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Cablegate: Cash Meets Capital: Underground Financing in Wenzhou

VZCZCXRO2756
RR RUEHCN RUEHGH
DE RUEHGH #0342/01 2310828
ZNR UUUUU ZZH
R 180828Z AUG 08
FM AMCONSUL SHANGHAI
TO RUEHC/SECSTATE WASHDC 7082
INFO RUEHBJ/AMEMBASSY BEIJING 2043
RUEHGZ/AMCONSUL GUANGZHOU 1314
RUEHSH/AMCONSUL SHENYANG 1339
RUEHCN/AMCONSUL CHENGDU 1343
RUEATRS/DEPT OF TREASURY WASHINGTON DC
RUCPDOC/DEPT OF COMMERCE WASHINGTON DC
RUEHHK/AMCONSUL HONG KONG 1489
RUEHIN/AIT TAIPEI 1152
RHEHAAA/NSC WASHINGTON DC
RUEHGH/AMCONSUL SHANGHAI 7658

UNCLAS SECTION 01 OF 03 SHANGHAI 000342

SENSITIVE
SIPDIS

FRANCISCO FRB FOR CURRAN/GLICK; NEW YORK FRB FOR
CLARK/CRYSTAL/DAWSON
CEA FOR BLOCK
USDOC FOR ITA/MAC DAS KASOFF, MELCHER AND OCEA
TREASURY FOR AMB.HOLMER, WRIGHT AND TSMITH
TREASURY FOR OASIA - DOHNER/HAARSAGER/CUSHMAN/WINSHIP
TREASURY FOR IMFP - SOBEL/MOGHTADER
NSC FOR LOI

E.O. 12958: N/A
TAGS: EFIN ECON PGOV CH
SUBJECT: CASH MEETS CAPITAL: UNDERGROUND FINANCING IN WENZHOU

1. (SBU) Summary: On August 12, Econoff visited the
entrepreneurial city of Wenzhou, Zhejiang Province to discuss
challenges facing small and medium size enterprises (SMEs).
Interlocutors noted several difficulties brought on by the
current economic slowdown. In particular, SMEs have been
disproportionately affected by government credit tightening
policies, which have been stepped up recently over concerns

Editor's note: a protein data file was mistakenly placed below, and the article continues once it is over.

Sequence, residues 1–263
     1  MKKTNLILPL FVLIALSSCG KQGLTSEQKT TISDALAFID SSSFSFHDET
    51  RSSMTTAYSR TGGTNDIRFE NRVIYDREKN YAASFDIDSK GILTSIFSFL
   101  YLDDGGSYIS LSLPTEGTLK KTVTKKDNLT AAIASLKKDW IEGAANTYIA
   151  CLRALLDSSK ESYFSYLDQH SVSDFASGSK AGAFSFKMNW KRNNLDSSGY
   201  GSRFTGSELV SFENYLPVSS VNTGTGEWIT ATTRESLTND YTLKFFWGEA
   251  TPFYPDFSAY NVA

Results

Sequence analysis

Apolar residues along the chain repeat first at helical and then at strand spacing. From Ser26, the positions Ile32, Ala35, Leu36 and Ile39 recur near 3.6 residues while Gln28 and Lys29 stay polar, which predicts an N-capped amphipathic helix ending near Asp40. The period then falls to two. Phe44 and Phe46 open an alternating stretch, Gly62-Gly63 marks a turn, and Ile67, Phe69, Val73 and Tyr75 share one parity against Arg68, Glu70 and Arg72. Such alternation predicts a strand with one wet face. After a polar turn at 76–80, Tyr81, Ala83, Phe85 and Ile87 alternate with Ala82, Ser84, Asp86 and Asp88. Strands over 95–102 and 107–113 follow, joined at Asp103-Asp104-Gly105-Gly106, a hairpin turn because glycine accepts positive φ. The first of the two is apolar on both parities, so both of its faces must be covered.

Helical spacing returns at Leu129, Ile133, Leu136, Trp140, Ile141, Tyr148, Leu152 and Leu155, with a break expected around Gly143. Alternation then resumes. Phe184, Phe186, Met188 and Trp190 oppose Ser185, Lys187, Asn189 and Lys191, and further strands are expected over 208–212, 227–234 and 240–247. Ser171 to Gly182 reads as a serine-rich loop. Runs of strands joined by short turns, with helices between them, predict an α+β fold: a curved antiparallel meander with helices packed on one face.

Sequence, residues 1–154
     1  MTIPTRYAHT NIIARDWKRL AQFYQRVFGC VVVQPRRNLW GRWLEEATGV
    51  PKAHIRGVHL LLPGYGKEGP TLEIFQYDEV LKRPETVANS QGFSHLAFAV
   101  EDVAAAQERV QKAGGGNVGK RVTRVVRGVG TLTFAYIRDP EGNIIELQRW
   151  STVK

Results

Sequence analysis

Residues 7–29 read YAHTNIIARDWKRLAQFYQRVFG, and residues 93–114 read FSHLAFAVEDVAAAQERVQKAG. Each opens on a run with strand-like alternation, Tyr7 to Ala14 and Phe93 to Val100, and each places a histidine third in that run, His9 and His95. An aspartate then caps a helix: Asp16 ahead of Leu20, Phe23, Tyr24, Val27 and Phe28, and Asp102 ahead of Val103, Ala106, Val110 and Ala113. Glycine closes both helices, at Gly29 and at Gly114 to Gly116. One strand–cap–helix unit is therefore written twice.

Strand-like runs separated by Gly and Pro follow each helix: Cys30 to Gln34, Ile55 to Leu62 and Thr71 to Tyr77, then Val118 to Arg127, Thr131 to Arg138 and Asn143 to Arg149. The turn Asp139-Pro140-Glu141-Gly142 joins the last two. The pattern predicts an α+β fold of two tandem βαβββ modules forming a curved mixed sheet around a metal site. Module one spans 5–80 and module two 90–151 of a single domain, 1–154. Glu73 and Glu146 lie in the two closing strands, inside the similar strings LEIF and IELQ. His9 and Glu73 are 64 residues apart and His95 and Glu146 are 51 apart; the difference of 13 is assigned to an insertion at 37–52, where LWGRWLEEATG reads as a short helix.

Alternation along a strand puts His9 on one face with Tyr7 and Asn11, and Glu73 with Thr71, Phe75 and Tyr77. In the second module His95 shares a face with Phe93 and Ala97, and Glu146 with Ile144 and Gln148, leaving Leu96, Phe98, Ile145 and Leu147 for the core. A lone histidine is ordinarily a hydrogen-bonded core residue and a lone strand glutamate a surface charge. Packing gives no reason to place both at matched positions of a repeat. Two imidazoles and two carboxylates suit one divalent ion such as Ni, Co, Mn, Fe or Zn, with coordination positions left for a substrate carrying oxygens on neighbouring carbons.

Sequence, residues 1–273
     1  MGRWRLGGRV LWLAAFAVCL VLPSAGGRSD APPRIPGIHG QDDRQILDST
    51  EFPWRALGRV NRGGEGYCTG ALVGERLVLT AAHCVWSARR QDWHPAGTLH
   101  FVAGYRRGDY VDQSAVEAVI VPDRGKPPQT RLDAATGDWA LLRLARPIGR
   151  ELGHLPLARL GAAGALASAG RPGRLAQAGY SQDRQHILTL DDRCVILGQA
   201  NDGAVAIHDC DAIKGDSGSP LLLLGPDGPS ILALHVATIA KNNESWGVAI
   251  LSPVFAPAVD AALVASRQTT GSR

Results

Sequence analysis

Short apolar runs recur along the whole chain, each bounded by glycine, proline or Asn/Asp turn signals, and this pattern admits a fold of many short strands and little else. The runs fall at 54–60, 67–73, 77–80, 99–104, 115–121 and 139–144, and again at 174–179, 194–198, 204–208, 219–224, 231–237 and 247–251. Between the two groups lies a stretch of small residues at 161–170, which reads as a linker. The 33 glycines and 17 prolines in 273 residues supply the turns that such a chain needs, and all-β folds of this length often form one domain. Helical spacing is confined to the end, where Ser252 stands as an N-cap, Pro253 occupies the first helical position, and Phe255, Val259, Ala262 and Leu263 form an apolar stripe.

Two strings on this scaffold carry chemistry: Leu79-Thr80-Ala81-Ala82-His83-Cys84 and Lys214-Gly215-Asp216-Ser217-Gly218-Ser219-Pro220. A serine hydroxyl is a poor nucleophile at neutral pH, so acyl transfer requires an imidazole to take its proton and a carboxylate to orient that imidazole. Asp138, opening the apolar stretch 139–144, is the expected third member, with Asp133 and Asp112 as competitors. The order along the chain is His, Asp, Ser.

about inflation. Underground ("private") lending has helped
make up for some of the financing shortages faced by SMEs in the
current credit tight environment, but government interlocutors
in Wenzhou posit that actual underground lending may be much
less than has been reported in the media. Although the local
government is adopting several measures to increase "official"
financing channels for SMEs, such as licensing small-sum loan
companies, local government contacts believe that these measures
will not play a significant role in China's capital markets when
credit policies are loosened at some point in the future. End
Summary.

Challenges Facing SMEs
----------------------

2. (SBU) In separate meetings with Econoff on August 12, Cai
Lingyue, Vice President of the People's Bank of China (PBOC)
Wenzhou Branch, and Pan Pingping, Deputy Director of the Wenzhou
Bureau of Foreign Trade and Economic Cooperation (BOFTEC),
discussed challenges faced by small and medium size enterprises
(SMEs). These challenges include financing, rising costs of
labor and raw materials, RMB appreciation, and value added tax
(VAT) rebate adjustments. Although Pan acknowledged that some
SMEs in Wenzhou are closing down, he downplayed media reports of
mass closures as "exaggerated," stating it is "natural" for
businesses to open and close based on fluctuations in the
economy.

3. (SBU) In terms of financing, Cai and Pan both noted SMEs
have been disproportionately affected by government credit
tightening policies, which have been stepped up recently over
concerns about inflation. SMEs account for more than 65 percent
of total value added of industry in China according to Chinese
Banking Regulatory Commission (CBRC) statistics; however, these
data show that SMEs receive only 30 percent of corporate loans.
In Wenzhou, the concentration of small and medium enterprises is
higher than the national average, accounting for roughly 80